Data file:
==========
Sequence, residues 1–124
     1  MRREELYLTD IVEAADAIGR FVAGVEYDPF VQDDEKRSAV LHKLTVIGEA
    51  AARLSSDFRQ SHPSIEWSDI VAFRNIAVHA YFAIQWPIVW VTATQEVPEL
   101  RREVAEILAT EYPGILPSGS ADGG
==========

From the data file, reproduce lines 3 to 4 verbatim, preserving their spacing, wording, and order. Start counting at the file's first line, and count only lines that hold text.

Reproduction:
    51  AARLSSDFRQ SHPSIEWSDI VAFRNIAVHA YFAIQWPIVW VTATQEVPEL
   101  RREVAEILAT EYPGILPSGS ADGG